ACIP immunization update: ACIP's recommendations stress the need to protect vulnerable populations from rising rates of pertussis infection, improve health care personnel Tdap immunization rates, and increase the number of MCV4 doses for those at high risk of meningitis.
ACIP widens the scope of pertussis prevention
The past decade has seen an increase in pertussis cases, including an increase in the number of cases among infants and adolescents (FIGURE). In 2010, California reported 8383 cases, including 10 infant deaths. This was the highest number and rate of cases reported in more than 50 years. (3) Other states have also experienced recent increases.
This evolving epidemiology of pertussis has prompted ACIP to recommend a routine single Tdap dose for adolescents between the ages of 11 and 18 years who have completed the recommended DTP/DTaP (diphtheria and tetanus toxoids and pertussis/diphtheria and tetanus toxoids and acellular pertussis) vaccination series and for adults ages 19 to 64 years. ACIP also recommends a single dose for children ages 7 to 10 if they are not fully vaccinated against pertussis and for adults 65 and older who have not previously received Tdap and who are in close contact with infants. The last 2 are off-label recommendations. ACIP has also eliminated any recommended interval between the time of vaccination with tetanus or diphtheria-toxoid (Td) containing vaccine and the administration of Tdap. (4)
2 new recommendations for clinician postexposure prophylaxis
Interim recommendations from the most recent ACIP meeting in February 2011 (5) reemphasize that health care personnel should receive Tdap and recommend that health care facilities take steps to increase adherence, including providing the vaccine at no cost. (5)
Since health care personnel are at increased risk of exposure to pertussis, ACIP also made 2 recommendations for PEP.
1. All health care personnel (vaccinated or not) in close contact with a pertussis patient (as defined in TABLE 1) who are likely to expose patients at high risk for complications from pertussis (infants <1 year of age and those with certain immunodeficiency conditions, chronic lung disease, respiratory insufficiency, or cystic fibrosis) should receive PEP.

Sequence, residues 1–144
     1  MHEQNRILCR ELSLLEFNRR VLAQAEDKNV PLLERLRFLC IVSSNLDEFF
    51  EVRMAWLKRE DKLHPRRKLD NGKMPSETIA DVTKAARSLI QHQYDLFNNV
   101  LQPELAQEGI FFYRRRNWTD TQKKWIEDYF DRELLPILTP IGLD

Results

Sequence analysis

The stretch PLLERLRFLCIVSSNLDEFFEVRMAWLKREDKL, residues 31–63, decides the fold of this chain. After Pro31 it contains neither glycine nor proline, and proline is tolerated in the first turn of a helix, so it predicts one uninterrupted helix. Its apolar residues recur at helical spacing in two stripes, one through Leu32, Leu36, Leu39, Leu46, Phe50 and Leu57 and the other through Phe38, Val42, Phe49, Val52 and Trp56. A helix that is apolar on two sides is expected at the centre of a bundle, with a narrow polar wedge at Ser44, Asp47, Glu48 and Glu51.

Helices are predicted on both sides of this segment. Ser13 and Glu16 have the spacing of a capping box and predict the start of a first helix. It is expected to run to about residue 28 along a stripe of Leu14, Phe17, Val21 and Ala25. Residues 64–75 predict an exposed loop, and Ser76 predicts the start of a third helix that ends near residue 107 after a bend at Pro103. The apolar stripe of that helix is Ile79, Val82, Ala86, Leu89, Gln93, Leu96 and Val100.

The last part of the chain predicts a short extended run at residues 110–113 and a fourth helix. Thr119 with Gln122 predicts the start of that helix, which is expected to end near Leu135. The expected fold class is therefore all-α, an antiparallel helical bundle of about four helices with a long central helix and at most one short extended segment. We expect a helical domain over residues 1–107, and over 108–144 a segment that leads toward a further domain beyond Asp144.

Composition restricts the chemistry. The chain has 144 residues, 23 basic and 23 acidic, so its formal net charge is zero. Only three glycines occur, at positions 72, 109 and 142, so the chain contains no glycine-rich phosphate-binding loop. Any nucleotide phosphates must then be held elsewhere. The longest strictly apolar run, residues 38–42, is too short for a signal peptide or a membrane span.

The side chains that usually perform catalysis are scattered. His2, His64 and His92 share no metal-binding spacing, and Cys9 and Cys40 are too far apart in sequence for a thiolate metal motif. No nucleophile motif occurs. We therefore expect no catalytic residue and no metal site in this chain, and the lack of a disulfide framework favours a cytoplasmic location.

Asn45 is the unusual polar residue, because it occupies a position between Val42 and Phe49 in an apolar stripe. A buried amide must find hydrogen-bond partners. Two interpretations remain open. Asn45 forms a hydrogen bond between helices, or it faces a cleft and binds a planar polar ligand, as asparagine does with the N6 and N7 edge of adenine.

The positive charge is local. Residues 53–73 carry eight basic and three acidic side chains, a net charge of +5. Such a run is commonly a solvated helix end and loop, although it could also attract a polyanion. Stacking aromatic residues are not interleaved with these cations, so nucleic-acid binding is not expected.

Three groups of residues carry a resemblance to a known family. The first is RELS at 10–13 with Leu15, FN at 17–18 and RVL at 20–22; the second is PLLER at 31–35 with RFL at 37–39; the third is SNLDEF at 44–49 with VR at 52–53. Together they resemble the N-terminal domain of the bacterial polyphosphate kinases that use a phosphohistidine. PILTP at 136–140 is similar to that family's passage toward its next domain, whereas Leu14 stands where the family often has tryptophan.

2. Exposed personnel who do not work with high-risk patients should receive PEP or be monitored daily for 21 days, treated at first signs of infection, and excluded from patient contact for 5 days if symptoms develop. The antimicrobials and doses for treatment and prevention of pertussis have been published in the Morbidity and Mortality Weekly Report. (6) Options for PEP include azithromycin, clarithromycin, erythromycin, and trimethoprim-sulfamethoxazole. (6)
Coming soon: Complete vaccine recommendations for health care workers
Recent experience with pettussis (and influenza) has highlighted the need for health care personnel to be vaccinated against infectious diseases to protect themselves, their patients, and their families. To that end, ACIP plans to publish a compendium later this year that brings together all recommendations regarding immunizations for health care personnel. When it becomes available, family physicians will be able to refer to this document to ensure that they and their staff are immunized in line with CDC recommendations.
The latest on influenza vaccine, PCV13, MCV4, hepatitis B, and HPV
The most notable additions to the routine schedules ACIP announced during the past year are universal, yearly influenza immunization from the age of 6 months on and the replacement of the 7-valent pneumococcal conjugate vaccine (PCV7) with a 13-valent product (PCV13) for infants and children. Details of these recommendations, including how to transition from PCV7 to PCV13, were published late last year by the CDC and described in another Practice Alert. (7-9)
In addition, changes were made in the schedules for meningococcal conjugate vaccine. A 2-dose primary series, instead of a single dose, of MCV4 is now recommended for those with compromised immunity. A booster of MCV4 is now recommended at age 16 for those vaccinated at 11 or 12 years, and at age 16 to 18 for those vaccinated at 13 to 15 years. (10) The MCV4 recommendations are summarized in TABLE 2.
** More schedule details in the footnotes. The new schedules contain a number of clarifications in the footnotes that: (1,11)
* explain the spacing of the 3-dose primary series for hepatitis B vaccine (HepB) for infants if they do not receive a dose immediately after birth
* clarify the circumstances in which children younger than age 9 need 2 doses of influenza vaccine
* describe the availability of both a quadrivalent human papillomavirus vaccine (HPV4) and a bivalent vaccine (HPV2) to prevent precancerous cervical lesions and cancer
* list the option for using HPV4 for males for the prevention of genital warts.